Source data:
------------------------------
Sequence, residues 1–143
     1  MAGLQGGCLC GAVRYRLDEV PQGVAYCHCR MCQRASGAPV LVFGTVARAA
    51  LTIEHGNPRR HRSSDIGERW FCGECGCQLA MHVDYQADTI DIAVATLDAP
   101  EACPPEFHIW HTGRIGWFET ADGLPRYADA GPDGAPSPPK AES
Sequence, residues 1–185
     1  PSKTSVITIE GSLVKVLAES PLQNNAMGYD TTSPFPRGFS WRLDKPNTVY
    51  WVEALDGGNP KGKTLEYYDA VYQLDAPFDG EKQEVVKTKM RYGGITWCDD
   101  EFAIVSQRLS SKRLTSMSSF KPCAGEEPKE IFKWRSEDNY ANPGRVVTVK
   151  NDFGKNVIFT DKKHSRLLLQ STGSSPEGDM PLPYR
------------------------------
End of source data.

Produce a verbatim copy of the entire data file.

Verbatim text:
Sequence, residues 1–143
     1  MAGLQGGCLC GAVRYRLDEV PQGVAYCHCR MCQRASGAPV LVFGTVARAA
    51  LTIEHGNPRR HRSSDIGERW FCGECGCQLA MHVDYQADTI DIAVATLDAP
   101  EACPPEFHIW HTGRIGWFET ADGLPRYADA GPDGAPSPPK AES
Sequence, residues 1–185
     1  PSKTSVITIE GSLVKVLAES PLQNNAMGYD TTSPFPRGFS WRLDKPNTVY
    51  WVEALDGGNP KGKTLEYYDA VYQLDAPFDG EKQEVVKTKM RYGGITWCDD
   101  EFAIVSQRLS SKRLTSMSSF KPCAGEEPKE IFKWRSEDNY ANPGRVVTVK
   151  NDFGKNVIFT DKKHSRLLLQ STGSSPEGDM PLPYR